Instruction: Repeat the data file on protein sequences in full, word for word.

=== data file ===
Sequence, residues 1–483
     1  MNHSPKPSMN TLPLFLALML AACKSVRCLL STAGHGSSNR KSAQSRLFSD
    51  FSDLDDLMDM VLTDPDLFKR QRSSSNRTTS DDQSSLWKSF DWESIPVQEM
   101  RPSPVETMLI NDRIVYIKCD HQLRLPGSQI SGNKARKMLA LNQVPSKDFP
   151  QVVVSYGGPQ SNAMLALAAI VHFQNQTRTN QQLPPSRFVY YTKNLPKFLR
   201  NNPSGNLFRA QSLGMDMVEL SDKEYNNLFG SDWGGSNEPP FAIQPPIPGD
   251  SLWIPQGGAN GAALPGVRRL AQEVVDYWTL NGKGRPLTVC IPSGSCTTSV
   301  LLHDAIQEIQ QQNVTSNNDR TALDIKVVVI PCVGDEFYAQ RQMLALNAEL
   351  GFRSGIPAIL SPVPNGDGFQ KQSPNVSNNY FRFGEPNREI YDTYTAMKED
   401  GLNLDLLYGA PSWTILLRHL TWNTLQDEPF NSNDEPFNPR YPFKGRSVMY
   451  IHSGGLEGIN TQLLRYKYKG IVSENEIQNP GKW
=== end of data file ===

Sequence, residues 1–483
     1  MNHSPKPSMN TLPLFLALML AACKSVRCLL STAGHGSSNR KSAQSRLFSD
    51  FSDLDDLMDM VLTDPDLFKR QRSSSNRTTS DDQSSLWKSF DWESIPVQEM
   101  RPSPVETMLI NDRIVYIKCD HQLRLPGSQI SGNKARKMLA LNQVPSKDFP
   151  QVVVSYGGPQ SNAMLALAAI VHFQNQTRTN QQLPPSRFVY YTKNLPKFLR
   201  NNPSGNLFRA QSLGMDMVEL SDKEYNNLFG SDWGGSNEPP FAIQPPIPGD
   251  SLWIPQGGAN GAALPGVRRL AQEVVDYWTL NGKGRPLTVC IPSGSCTTSV
   301  LLHDAIQEIQ QQNVTSNNDR TALDIKVVVI PCVGDEFYAQ RQMLALNAEL
   351  GFRSGIPAIL SPVPNGDGFQ KQSPNVSNNY FRFGEPNREI YDTYTAMKED
   401  GLNLDLLYGA PSWTILLRHL TWNTLQDEPF NSNDEPFNPR YPFKGRSVMY
   451  IHSGGLEGIN TQLLRYKYKG IVSENEIQNP GKW